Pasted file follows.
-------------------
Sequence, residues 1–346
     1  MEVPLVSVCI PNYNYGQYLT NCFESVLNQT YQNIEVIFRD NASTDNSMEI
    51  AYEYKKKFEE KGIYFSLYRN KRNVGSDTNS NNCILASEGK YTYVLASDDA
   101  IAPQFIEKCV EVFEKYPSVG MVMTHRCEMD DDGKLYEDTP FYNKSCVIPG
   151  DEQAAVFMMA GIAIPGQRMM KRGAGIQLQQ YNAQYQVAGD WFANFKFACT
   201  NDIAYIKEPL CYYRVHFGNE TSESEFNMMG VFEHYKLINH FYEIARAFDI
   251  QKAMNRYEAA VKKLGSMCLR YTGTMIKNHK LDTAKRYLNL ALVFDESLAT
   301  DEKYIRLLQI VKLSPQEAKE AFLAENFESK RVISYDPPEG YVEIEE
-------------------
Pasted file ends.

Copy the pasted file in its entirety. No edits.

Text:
Sequence, residues 1–346
     1  MEVPLVSVCI PNYNYGQYLT NCFESVLNQT YQNIEVIFRD NASTDNSMEI
    51  AYEYKKKFEE KGIYFSLYRN KRNVGSDTNS NNCILASEGK YTYVLASDDA
   101  IAPQFIEKCV EVFEKYPSVG MVMTHRCEMD DDGKLYEDTP FYNKSCVIPG
   151  DEQAAVFMMA GIAIPGQRMM KRGAGIQLQQ YNAQYQVAGD WFANFKFACT
   201  NDIAYIKEPL CYYRVHFGNE TSESEFNMMG VFEHYKLINH FYEIARAFDI
   251  QKAMNRYEAA VKKLGSMCLR YTGTMIKNHK LDTAKRYLNL ALVFDESLAT
   301  DEKYIRLLQI VKLSPQEAKE AFLAENFESK RVISYDPPEG YVEIEE